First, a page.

Over the last two months, I’ve had the pleasure to spend time with Mark Burgess discussing the lack of rigor in defining what exactly is effective observability and monitoring in the context of distributed systems and how we can design and develop a better and far more compelling future for application monitoring with the advent of microservices and the rise of event-based architectures. Today Mark has made available one of the papers we have collaborated on. It is an impressive piece of research and understanding, which I hope will receive far more consideration than lesser and largely legacy efforts that seem to grab all the attention at tech conferences.
Here is the abstract and link to the paper.
Abstract: To understand and explain process behaviour we need to be able to see it, and decide its significance, i.e. be able to tell a story about its behaviours. This paper describes the modelling challenges that underlie monitoring and observation of processes in IT, by human or by software. The topic of the observability of systems has been elevated recently in connection with computer monitoring and tracing of processes for debugging and forensics. It raises the issue of well-known principles of measurement, in bounded contexts, but these issues have been left implicit in the Computer Science literature. This paper aims to remedy this omission, by laying out a simple promise theoretic model, summarizing a long standing trail of work on the observation of distributed systems, based on elementary distinguishability of observations, and classical causality, with history. Three distinct views of a system are sought, across a number of scales, that described how information is transmitted (and lost) as it moves around the system, aggregated into journals and logs.
Here are some of the critical high-level points and observations I would like to call out that make this such an insightful paper to read on observability in the context of distributed systems along with my own more personal commentary and vision.
“The state of the art in monitoring relies principally on brute force data collection and graphical presentation. There is surprisingly little discussion about the semantics of the process”.
Much of the focus on application monitoring is on collecting vast amounts of data with little regard to the cost and effectiveness of the data in helping users to understand their systems and actively learn how best to effectively manage them. This needs to change and will soon!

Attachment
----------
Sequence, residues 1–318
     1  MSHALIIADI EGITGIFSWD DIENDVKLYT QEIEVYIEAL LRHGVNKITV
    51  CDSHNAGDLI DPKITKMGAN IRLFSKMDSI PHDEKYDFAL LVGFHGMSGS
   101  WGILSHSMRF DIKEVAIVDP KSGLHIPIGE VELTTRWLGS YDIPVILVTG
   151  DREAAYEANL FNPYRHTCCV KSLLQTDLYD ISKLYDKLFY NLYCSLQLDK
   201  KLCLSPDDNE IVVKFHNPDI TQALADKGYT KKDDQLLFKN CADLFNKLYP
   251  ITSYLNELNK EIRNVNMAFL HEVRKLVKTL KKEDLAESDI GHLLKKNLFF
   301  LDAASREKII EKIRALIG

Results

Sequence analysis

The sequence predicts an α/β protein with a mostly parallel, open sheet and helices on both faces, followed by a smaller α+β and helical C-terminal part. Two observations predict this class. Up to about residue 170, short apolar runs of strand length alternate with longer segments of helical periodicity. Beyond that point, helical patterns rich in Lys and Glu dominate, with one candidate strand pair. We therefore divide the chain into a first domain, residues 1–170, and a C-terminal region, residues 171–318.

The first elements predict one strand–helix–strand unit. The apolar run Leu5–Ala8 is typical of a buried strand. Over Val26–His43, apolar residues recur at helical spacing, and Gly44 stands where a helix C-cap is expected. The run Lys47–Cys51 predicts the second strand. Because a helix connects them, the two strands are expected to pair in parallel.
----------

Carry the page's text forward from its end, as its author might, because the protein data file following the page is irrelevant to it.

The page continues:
In application monitoring, the “learning” in the marketing literature is focused the machine learning. This is understandable when we consider the vast amount of data that is being generated, stored, and queried. But I think this is just one part of the problem space and solution for us. Our primary objective should be to enable our users, as opposed to our customers (the corporate entity tasking a user), to increase their ability to learn what is needed to perform their task. With machines, we feed them data to train them (more so the algorithm and model). With humans, this is not ideal unless you believe in learning by rote. Humans learn best as active participants in a process where meaning is made or derived.
When we look at what we provide to our users we need to take this into consideration. We need to ask ourselves do users learn from this. Is this learning process effective and adaptive as they gain knowledge? Can we help facilitate the learning process within the UX over an hour, day, and week? How can I bring the user, the human, back into the observation and control loop? How can we play to the strengths of the machine and human where each party gains from the other. For example, the machine can use a human to reinforce its learning by asking for verification of an assessment it has made in some situation. The learning algorithms need to learn – they need to adapt to other data feeds such as human dialog. The other way around we need to think about how to reduce the cognitive load on the human by not having everything blinking but having the user be guided into an area worthy of their attention as well as allowing the user to request more data on demand.